Supervisor: Kimberly Macala
Project: Neonatal sepsis and its sex-specific effects on vascular development and long-term outcomes
Red Deer, AB
Doctor of Medicine
Why did you choose the degree program you are in?
Coming from a nursing background, I had the opportunity to work alongside a team of exceptional physicians who took the time to teach and encourage me to pursue a position of clinical leadership. They inspired me to pursue this career and I am very grateful to continue to learn from them.
What's been the best part of your experience so far?
Working with the laboratory team has been a phenomenal experience. I have received outstanding support and encouragement from everyone involved and they continue to push me to learn and grow as a student and researcher.
Did you have any interesting results?
While we are still conducting pilot studies, we have discovered interesting information regarding the use of buprenorphine, an opioid, in neonatal sepsis. We have been able to construct a novel neonatal animal model sepsis score, and we are defining a neonatal intraperitoneal (abdominal) sepsis protocol that will be used both in our laboratory and with the laboratories we collaborate with on a national basis.
These results have been what was anticipated but not ever previously demonstrated in the literature. Confirming our hypotheses has allowed further development of our neonatal sepsis protocol and sepsis score.
What impact do you hope this project makes once completed? How will this contribute to improving the health of women and/or children?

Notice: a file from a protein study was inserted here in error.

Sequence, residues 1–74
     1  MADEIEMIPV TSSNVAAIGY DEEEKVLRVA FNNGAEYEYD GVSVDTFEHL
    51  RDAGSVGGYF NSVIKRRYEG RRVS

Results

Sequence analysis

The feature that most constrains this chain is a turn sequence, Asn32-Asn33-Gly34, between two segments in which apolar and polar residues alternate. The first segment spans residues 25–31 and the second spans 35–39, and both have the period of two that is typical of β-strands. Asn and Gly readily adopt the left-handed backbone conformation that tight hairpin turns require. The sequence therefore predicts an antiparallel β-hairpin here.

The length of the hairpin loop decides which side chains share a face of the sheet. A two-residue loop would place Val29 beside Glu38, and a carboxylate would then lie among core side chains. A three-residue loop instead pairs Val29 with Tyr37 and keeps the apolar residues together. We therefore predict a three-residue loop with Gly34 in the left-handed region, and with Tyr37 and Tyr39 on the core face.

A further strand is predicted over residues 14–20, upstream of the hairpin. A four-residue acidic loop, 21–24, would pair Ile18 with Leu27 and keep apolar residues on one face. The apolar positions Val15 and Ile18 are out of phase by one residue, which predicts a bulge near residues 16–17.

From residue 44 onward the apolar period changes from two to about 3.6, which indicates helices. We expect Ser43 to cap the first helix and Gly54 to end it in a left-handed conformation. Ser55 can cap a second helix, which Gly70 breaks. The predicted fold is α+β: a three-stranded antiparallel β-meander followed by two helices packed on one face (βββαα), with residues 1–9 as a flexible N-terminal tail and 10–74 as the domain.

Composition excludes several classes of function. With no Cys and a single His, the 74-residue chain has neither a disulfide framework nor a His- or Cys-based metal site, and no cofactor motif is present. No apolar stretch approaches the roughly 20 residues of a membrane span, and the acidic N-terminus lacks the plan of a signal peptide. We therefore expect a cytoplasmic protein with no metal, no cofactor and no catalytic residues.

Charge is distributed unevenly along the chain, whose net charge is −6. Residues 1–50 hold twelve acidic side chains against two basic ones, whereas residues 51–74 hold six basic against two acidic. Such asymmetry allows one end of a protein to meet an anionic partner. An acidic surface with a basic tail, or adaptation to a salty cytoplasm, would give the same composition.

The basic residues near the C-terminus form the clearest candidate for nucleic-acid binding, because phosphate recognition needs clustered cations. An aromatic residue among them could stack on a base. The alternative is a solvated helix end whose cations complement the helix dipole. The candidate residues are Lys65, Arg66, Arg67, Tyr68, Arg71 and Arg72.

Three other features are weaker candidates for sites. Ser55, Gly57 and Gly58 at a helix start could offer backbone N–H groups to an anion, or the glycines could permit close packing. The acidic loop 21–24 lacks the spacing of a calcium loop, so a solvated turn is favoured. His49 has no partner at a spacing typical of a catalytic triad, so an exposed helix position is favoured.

This study will result in a better understanding of the effects of neonatal sepsis on vascular development. This may result in shifting the current treatment of neonatal sepsis to prevent vascular dysfunction, therefore preventing long-term vascular effects, such as hypertension, and improve survival of adulthood sepsis.
What's one piece of advice you received from your supervisor/mentor that resonated with you?
From the beginning, my supervisor has emphasized the importance of self-care and not taking on too much. She has encouraged me to check in with myself frequently and I know this will continue to be essential in both my academic and medical careers.
Late-onset neonatal sepsis is an infection in the blood of children occurring at least 72 hours after birth. Often, these children do not survive and those who do may be burdened with lifelong effects. This is partially due to oxidative stress (the body's inability to balance antioxidants with the production of reactive oxygen species) and the effects of inflammation (marked by the production of cytokines, small signalling proteins meant to protect against cell injury). Oxidative stress and inflammation are key factors that may negatively influence the development of blood vessels and may lead to long-term effects, such as hypertension—high blood pressure—in adulthood.
Interestingly, males tend to have higher elevations of oxidative stress and inflammatory markers which may be a factor in the higher mortality in males compared to females. Here, we aim to develop a neonatal sepsis model of oxidative and inflammatory stress and to determine if this stress results in hypertension and enhanced susceptibility to sepsis in adulthood. We will examine oxidative and inflammatory markers in a neonatal animal model at one, three, and seven days post-sepsis induction and follow survivors into adulthood to reassess stress markers and examine vascular function.
We anticipate observing vascular dysfunction (seen as hypertension) and impaired vascular response to sepsis compared to controls, with males experiencing worse outcomes. Our findings will contribute to a greater understanding of the effects of neonatal sepsis on vascular development and may result in a shift in treatment approach where we treat neonatal sepsis in the context of vascular dysfunction to prevent hypertension and improve survival of sepsis in adulthood.